As international markets have racked up red-hot returns over the past few years, more and more investors are beginning to look overseas for investment opportunities. Foreign mutual funds have seen unprecedented inflows, as investors jockey to latch onto some of the outsized gains this asset class has produced as of late. In the rush to get access to these international markets, some investors have no doubt skipped over the step of carefully examining their foreign mutual funds before committing their money.

Don't make this mistake. It's not enough just to pick a well-known international mutual fund out of a hat in order to get some quick foreign exposure. Take the time to choose a good fund with a solid management team and strong performance track record. In my opinion, these types of funds are a bit more rare in the international space. However, one fund that does fit the bill on all accounts is Thornburg International Value.

Meet the managers
The Thornburg International Value Fund (TGVAX) is managed by a team of three portfolio managers, Bill Freiss, Wendy Trevisani, and Lei Wang. Friess has been with the fund since its inception in mid-1998, with Trevisani and Wang having been promoted to co-manager roles in early 2006. All have a long history with the fund, making this a very seasoned management team. And Fools know that this is one of the first things to look for when choosing an appropriate mutual fund.

Thornburg employs a value-oriented approach to identify attractive foreign stocks. Analysts look across sectors and the capitalization spectrum, and also include emerging markets in their starting universe. Personally, I think this is one of the more attractive features of the fund. Having this type of "go-anywhere" mandate allows portfolio managers much more flexibility to seek out reasonably-priced securities. Right now, the fund is concentrated in the large-cap area, with only a small (4%) allocation to mid caps, but the small- and mid-cap allocation has been much higher in the past. The fund's current exposure to emerging markets stands at roughly 19%, which is a pretty hefty slug.  Right now management is favoring positions in stocks such as Teva Pharmaceutical (NASDAQ:TEVA), China Mobile (NYSE:CHL), and Nokia (NYSE:NOK).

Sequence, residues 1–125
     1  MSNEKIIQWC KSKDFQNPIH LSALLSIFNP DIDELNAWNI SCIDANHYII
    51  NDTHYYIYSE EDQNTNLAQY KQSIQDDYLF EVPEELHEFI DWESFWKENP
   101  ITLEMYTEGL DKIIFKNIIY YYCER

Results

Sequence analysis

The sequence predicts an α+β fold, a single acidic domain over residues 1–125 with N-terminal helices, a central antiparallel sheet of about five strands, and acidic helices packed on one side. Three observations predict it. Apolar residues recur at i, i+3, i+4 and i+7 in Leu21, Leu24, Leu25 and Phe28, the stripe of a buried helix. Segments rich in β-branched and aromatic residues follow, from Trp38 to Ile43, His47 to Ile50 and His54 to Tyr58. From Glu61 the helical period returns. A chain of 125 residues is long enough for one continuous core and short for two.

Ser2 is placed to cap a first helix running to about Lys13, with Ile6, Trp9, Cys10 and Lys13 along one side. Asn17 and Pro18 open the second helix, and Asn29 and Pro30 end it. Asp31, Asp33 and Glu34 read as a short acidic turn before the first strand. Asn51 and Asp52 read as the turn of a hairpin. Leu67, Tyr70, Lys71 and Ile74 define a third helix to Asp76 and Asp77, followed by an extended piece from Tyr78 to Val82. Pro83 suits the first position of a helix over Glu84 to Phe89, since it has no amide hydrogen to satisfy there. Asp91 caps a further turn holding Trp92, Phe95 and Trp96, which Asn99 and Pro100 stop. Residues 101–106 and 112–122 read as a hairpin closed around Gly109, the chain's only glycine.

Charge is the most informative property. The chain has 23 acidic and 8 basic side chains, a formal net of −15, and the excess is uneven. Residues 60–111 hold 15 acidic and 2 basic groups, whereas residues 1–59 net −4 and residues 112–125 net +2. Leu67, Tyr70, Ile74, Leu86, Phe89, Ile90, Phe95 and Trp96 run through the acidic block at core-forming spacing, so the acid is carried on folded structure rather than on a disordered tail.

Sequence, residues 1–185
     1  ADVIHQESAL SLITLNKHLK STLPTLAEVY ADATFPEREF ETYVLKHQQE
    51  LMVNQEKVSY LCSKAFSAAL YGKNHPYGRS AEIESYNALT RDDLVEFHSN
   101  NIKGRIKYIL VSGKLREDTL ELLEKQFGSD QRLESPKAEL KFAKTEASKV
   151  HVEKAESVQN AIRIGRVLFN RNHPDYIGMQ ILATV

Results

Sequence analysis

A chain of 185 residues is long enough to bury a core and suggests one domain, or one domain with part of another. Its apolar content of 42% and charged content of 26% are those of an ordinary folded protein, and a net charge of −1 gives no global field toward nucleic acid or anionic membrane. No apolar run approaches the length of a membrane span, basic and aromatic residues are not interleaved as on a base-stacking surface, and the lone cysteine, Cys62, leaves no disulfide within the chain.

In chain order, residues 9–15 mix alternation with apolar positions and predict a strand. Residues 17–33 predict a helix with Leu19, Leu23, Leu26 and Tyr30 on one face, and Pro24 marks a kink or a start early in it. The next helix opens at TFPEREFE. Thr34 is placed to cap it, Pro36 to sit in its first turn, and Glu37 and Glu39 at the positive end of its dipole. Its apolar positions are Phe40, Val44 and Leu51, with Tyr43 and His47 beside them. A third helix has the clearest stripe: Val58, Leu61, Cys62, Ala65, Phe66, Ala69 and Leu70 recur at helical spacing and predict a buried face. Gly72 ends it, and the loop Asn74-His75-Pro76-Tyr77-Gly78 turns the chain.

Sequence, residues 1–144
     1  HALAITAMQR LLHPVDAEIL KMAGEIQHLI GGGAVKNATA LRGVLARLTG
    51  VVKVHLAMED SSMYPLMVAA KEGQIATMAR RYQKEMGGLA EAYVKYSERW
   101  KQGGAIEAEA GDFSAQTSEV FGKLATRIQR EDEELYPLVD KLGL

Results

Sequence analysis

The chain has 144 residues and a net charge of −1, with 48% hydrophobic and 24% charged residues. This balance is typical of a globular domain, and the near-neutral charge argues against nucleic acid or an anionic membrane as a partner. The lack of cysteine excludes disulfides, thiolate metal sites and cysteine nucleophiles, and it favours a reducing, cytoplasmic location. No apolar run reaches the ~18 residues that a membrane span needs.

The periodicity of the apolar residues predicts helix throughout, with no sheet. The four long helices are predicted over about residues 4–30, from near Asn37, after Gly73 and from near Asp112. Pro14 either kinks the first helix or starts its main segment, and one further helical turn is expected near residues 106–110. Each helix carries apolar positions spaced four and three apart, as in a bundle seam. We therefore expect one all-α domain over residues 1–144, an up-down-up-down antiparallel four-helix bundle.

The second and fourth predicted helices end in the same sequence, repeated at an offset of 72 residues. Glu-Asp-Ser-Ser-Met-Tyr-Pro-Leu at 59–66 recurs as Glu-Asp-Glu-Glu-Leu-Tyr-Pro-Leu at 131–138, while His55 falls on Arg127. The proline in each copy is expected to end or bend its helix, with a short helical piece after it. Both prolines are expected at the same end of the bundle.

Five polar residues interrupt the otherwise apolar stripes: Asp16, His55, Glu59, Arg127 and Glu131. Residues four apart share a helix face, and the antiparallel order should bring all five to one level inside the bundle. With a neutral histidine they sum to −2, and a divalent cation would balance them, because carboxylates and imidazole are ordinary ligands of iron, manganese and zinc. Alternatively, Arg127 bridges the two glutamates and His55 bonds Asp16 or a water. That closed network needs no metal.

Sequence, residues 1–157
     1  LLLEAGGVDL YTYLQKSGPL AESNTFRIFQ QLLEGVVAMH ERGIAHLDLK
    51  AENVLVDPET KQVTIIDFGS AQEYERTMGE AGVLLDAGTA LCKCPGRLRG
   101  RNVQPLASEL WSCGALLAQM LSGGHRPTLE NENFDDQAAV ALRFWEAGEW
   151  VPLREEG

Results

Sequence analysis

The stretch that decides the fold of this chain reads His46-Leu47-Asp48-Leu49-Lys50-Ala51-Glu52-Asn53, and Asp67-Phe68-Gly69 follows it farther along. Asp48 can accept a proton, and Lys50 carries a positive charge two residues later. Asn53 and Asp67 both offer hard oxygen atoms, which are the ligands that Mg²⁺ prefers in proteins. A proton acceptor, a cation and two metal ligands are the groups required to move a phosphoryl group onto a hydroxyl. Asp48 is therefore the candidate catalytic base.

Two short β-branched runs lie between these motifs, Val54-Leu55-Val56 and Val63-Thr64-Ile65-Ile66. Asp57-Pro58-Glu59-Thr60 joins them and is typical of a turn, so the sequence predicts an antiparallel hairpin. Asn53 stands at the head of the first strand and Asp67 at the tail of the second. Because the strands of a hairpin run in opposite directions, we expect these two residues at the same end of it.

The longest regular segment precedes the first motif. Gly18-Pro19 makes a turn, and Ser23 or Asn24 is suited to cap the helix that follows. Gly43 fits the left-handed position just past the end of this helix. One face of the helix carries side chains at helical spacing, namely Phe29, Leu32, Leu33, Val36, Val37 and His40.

Rosy performance
Thornburg's longer-term performance picture is quite good. Although the fund doesn't have a full 10 years of performance history yet, returns since its May 1998 inception have been quite good, as seen in the chart below:


Cumulative Return Since Inception (5/28/1998)

What a $10,000 Portfolio Would Be Worth Today

Thornburg International Value (TGVAX)






Source: Morningstar Principia. Returns as of 4/30/2007.
*Morgan Stanley Capital International's Europe, Asia, and Far East index. 

Furthermore, the fund has ranked in the top half of its peer group in every calendar year since its inception, and has landed in the top quartile ranking in almost all of those years. All in all, the fund has shown remarkable consistency, including posting an impressive 63% return in 1999, a year when value-oriented stocks were more out of favor with the market. Of course, when emerging markets suffer a downturn, as they did in 1998, this fund will likely get hit harder than its less-exposed peers. In the last half of 1998, the fund lost 9.1%, compared to the MSCI EAFE benchmark, which was up 4.2%.

A few disclaimers
There's not much about this fund that I can quibble with, although investors do need to be aware that the fund has a wider mandate than most of its peers, and therefore may prove to be riskier at times, if holdings in mid and small caps should rise. The same applies to the fund's emerging markets exposure, which can be a drag on performance should this area encounter difficulty. And as a final disclaimer, holdings do tend to be somewhat more concentrated in this fund, typically between 50 and 60 names. Obviously, while this offers a greater chance for the portfolio to be affected by a favorably performing stock, the reverse applies as well.

As long as investors keep these points in mind, I think Thornburg International Value would be a welcome addition to anyone's mutual fund portfolio. Keep in mind that international markets have done extremely well over the past four years, and that we may not see such tremendous returns from this area going forward. However, maintaining exposure to the foreign marketplace should be an important part of almost everyone's investment strategy, and this fund is an excellent choice to help investors do just that.

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Fool contributor Amanda Kish lives in Rochester, N.Y., and does not own shares of any of the companies or funds mentioned herein. The Fool has a disclosure policy.